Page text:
Pope Francis – Can You Hear Me Now?
Imagine Pope Francis saying “Can you hear me now?”
For more than a decade, it was hard to escape the wireless commercial, “Can You Hear Me Now?” It recently dawned on me that Pope Francis is repeatedly asking a question with his words… and actions. “Do you have the smell of the sheep?”
The first time he caught our attention with the image of “the smell of the sheep” was a mere two weeks after he became Pope in 2013. He told the priests of the world they should “be shepherds with the smell of sheep.” A powerful image (no pun intended)!
It was not to be the only time he used the image or those like it since then. He has not stopped asking.
He has challenged
- Married people
- Through encyclicals such as Evangelii Gaudium (45) and Amoris Laetitia (268)
- And most recently,.. Cardinals
I confess to being caught by the image… and similar images he uses, such as “mud on the shoes.”
Keep in mind, 2013 was not the first time he used the images of “smell of the sheep” and “mud on shoes”. Mark Shriver, in his excellent biography of Francis, writes,
“But he looked at the shoes of some of the (young Jesuit) priests and he said, ‘Today you haven’t done anything.’ It had rained and it was muddy, and they had nothing on their shoes, they were shiny.” “He told them they returned without the smell of sheep…”
Vincent had his own way of saying it. “Let us love God, brothers, let us love God, but let it be with the strength of our arms and the sweat of our brows”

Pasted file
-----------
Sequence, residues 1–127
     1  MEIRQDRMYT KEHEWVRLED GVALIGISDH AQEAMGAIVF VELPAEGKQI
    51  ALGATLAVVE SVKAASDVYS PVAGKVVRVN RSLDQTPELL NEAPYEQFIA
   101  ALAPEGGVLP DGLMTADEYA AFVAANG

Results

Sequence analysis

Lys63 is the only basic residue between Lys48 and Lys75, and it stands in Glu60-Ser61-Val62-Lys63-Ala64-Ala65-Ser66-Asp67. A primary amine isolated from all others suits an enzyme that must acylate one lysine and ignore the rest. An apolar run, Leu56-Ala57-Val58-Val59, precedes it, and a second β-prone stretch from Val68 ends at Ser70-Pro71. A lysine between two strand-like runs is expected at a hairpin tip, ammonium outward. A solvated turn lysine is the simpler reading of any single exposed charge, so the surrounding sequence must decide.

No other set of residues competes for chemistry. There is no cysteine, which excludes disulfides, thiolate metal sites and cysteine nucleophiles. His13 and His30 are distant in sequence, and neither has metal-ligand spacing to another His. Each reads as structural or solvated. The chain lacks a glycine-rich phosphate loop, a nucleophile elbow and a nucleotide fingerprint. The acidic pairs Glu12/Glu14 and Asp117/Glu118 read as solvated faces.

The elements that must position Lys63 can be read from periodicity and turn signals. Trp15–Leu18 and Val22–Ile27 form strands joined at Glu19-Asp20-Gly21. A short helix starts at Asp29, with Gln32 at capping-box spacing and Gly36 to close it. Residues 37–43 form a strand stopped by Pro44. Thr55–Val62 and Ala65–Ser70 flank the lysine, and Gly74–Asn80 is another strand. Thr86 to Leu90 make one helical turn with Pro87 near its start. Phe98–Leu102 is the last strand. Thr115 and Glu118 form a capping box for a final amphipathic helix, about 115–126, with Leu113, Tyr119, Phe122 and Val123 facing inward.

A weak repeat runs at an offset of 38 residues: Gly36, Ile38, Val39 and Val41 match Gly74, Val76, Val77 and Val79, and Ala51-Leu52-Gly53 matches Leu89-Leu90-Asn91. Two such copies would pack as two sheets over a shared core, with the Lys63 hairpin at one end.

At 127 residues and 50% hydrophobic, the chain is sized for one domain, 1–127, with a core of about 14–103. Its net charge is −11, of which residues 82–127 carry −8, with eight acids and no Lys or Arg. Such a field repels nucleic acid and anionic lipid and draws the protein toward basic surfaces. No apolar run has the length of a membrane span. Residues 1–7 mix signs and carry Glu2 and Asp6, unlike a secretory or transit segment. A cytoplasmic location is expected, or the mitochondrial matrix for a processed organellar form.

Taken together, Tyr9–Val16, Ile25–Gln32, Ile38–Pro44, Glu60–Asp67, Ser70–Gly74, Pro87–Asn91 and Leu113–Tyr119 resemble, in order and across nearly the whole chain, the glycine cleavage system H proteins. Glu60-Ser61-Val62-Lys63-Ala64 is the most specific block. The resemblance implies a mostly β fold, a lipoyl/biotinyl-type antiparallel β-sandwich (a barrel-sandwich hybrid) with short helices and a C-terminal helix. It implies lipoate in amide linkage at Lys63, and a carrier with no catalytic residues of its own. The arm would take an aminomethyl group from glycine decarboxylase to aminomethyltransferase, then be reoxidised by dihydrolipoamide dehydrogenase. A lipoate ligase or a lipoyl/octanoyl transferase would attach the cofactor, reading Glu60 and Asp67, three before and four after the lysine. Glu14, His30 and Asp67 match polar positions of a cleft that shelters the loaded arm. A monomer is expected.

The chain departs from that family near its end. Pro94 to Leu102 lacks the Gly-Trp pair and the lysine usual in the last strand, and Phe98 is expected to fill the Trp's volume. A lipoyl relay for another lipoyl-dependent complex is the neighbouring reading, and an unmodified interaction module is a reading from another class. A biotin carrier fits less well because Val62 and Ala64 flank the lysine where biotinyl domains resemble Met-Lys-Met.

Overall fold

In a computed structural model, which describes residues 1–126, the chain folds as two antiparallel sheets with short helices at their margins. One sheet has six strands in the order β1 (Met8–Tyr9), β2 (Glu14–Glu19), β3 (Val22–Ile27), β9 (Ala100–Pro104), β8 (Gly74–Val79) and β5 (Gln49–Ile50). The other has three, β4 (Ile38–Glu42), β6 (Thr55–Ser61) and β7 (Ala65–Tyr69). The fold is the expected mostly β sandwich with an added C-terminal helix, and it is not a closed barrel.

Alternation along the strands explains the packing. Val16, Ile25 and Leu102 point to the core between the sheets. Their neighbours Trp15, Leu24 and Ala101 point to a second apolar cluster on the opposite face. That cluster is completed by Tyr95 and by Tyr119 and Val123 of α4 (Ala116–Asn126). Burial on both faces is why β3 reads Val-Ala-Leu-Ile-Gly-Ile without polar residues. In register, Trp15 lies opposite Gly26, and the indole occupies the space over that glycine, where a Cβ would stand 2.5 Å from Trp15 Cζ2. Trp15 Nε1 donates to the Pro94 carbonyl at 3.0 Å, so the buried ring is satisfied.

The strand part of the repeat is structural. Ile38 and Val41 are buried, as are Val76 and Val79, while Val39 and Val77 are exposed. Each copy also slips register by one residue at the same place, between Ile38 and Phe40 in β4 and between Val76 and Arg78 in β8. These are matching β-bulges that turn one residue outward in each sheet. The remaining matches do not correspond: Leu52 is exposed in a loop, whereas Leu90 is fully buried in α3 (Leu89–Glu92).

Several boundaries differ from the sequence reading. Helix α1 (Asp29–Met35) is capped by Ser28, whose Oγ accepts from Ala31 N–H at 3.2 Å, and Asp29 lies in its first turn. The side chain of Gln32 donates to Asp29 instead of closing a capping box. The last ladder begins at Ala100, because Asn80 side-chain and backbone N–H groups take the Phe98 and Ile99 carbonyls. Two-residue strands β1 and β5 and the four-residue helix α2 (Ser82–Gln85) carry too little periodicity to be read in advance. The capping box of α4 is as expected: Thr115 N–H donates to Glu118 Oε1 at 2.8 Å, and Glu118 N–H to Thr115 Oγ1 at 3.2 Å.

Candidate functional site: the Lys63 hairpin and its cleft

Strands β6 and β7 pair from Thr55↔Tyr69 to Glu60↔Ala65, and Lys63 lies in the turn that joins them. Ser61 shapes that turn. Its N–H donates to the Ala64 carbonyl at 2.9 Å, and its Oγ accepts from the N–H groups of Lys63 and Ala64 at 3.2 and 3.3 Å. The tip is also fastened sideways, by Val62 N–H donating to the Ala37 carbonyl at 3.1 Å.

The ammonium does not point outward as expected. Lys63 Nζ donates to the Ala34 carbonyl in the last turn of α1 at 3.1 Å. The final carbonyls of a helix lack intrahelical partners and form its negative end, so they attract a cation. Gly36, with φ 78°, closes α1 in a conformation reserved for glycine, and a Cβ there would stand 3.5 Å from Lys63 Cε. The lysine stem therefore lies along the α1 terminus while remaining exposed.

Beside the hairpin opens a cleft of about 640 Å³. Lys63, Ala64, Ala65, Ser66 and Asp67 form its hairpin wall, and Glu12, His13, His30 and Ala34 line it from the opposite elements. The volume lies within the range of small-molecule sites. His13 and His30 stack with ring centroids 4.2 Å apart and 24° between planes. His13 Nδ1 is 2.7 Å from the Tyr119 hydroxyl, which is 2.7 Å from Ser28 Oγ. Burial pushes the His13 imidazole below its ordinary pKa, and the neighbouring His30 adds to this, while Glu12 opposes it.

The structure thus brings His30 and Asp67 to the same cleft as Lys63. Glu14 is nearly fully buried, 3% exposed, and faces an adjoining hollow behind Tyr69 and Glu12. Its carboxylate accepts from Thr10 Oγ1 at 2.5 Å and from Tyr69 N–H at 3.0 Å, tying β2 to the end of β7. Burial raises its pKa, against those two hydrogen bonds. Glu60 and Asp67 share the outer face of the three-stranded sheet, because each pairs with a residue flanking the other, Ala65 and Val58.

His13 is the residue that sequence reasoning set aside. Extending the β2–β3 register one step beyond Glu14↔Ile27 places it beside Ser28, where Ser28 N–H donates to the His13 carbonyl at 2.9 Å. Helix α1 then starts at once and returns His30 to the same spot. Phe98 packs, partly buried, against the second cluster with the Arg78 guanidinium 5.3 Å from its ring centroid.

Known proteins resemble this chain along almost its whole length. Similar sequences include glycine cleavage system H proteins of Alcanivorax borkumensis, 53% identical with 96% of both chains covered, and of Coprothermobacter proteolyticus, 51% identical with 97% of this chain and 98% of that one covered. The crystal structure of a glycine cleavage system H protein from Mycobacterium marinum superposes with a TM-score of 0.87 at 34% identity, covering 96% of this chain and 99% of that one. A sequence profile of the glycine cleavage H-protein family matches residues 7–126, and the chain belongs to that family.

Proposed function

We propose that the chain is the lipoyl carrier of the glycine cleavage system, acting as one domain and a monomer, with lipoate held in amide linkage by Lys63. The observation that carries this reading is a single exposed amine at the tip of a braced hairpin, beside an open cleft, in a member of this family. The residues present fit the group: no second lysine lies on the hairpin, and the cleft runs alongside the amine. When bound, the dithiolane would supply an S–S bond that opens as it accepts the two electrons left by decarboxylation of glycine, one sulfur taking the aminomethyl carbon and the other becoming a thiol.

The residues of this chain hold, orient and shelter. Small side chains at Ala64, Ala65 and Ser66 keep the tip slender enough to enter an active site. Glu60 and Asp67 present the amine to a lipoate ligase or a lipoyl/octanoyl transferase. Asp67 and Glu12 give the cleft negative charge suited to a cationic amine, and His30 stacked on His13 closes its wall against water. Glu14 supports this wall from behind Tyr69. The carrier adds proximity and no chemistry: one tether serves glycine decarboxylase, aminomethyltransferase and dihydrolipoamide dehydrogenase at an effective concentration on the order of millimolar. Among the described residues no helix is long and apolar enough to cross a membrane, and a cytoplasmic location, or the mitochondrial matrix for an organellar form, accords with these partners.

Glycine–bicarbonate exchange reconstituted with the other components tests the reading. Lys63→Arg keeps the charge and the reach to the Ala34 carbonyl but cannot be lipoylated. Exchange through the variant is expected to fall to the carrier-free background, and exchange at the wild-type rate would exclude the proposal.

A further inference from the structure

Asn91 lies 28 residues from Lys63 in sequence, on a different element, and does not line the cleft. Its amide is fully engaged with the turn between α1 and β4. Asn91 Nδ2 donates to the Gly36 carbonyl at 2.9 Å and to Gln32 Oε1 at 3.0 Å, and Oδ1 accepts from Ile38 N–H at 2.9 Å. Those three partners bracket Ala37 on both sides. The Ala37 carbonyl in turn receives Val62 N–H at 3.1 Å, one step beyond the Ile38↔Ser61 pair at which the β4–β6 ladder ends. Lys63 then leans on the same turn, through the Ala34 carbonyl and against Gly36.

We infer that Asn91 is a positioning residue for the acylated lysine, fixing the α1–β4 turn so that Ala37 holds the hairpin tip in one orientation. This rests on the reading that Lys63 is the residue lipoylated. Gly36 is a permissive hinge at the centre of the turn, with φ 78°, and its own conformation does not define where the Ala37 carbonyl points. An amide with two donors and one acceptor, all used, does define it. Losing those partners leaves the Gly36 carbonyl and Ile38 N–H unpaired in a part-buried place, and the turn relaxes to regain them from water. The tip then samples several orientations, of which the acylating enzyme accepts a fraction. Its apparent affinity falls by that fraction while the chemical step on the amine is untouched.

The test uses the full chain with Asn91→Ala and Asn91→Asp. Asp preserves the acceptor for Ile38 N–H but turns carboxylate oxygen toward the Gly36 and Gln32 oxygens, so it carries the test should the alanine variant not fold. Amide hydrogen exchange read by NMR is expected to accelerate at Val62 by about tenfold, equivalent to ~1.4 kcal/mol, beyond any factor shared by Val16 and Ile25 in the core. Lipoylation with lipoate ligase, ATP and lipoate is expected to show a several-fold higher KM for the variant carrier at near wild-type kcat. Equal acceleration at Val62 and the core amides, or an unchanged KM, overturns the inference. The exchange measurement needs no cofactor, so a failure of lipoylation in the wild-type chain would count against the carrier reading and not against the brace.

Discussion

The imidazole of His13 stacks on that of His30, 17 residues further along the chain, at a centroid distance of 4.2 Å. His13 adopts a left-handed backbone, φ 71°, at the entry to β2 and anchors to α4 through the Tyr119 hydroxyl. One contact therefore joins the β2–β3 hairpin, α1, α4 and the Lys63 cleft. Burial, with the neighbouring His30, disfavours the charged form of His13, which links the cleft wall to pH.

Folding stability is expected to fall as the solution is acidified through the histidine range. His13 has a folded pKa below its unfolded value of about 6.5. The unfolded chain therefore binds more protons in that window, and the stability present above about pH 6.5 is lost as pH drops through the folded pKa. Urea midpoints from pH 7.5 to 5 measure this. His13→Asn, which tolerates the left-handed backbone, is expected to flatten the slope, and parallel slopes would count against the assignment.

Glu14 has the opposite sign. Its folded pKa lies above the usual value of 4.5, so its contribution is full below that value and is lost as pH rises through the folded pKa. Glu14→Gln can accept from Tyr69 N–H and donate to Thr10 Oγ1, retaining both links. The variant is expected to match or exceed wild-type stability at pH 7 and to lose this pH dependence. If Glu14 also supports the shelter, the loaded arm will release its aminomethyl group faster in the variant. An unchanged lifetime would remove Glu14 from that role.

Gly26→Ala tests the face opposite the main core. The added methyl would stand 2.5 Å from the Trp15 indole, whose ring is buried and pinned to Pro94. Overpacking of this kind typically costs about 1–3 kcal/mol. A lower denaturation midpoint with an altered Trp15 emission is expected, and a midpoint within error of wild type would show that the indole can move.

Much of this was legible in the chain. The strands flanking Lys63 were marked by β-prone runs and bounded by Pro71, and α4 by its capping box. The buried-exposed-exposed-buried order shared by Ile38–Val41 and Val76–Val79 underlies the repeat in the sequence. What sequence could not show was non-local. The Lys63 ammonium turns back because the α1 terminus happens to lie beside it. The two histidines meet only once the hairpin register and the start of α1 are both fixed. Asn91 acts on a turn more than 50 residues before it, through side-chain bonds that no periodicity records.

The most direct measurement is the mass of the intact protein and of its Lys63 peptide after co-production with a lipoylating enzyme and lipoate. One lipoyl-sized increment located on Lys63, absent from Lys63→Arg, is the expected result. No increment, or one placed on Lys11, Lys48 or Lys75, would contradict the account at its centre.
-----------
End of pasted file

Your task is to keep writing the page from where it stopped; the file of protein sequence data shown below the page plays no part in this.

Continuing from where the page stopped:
“Workers”, “apostolic men,” are the words that Vincent used when referring to those who were privileged to be called in order to cooperate in extending the mission of Christ. You are “to go, not just to one parish, not just to one diocese, but all over the world” (CCD:XII:215).
As Vincent contemplated the situation of the Church in Europe he insisted on the Church’s need for “workers” to continue the mission of Jesus Christ, for true Apostles. His language reflects the language and situations of the day.
Alas! the Church has enough solitaries … and too many useless ones, and even more who tear her apart. Her great need is evangelical men who work to purge, enlighten, and unite her to her Divine Spouse … to go and proclaim Jesus Christ to the poor people (CCD:III:204-205).
The greatest blessing of the Vincentian Family is to be able to minister as Jesus ministered.
Oh! What a happiness for you to work at doing what He did! He came to bring the good news to the poor, and that is your lot and your occupation, too. If our perfection lies in charity, as is certain, there is none greater than to give oneself to save souls and to sacrifice oneself for them as Jesus Christ did. This is what you are called to do (CCD:VII:356).
He also believed that it was among them, among those poor people, that true religion and a living faith are preserved (CCD:XI:190)
Messieurs, true religion is found among the poor. God enriches them with a lively faith; they believe, they touch, they taste the words of life. … let’s add that everyone loves simple, candid people, who don’t use subtleties or tricks, who are straightforward and speak sincerely, with the result that whatever they say comes from their heart (CCD:XII:142).
Of course, there is also Frederic Ozanam… “The priests must give up their little bourgeois parishes: their flocks are an elite in the midst of a vast population that they do not know….” (Letter of Frederic Ozanam to Alphonse Ozanam, March 6, 1848).
Echoes in us?
It is is not complicated. It is actually quite simple.
J. Patrick Murphy observes in “Mr. Vincent..” that Vincent lived with the nobility (the De Gondls) but ate with the servants.
He suggests this lesson for us. Humility and simplicity always work well with people.
How about each of us?
- When was the last time I thought of going on mission outside my comfort zone?
- What elements of safety might I be holding onto?
- Do I really understand what Jesus did when he washed the feet of his followers?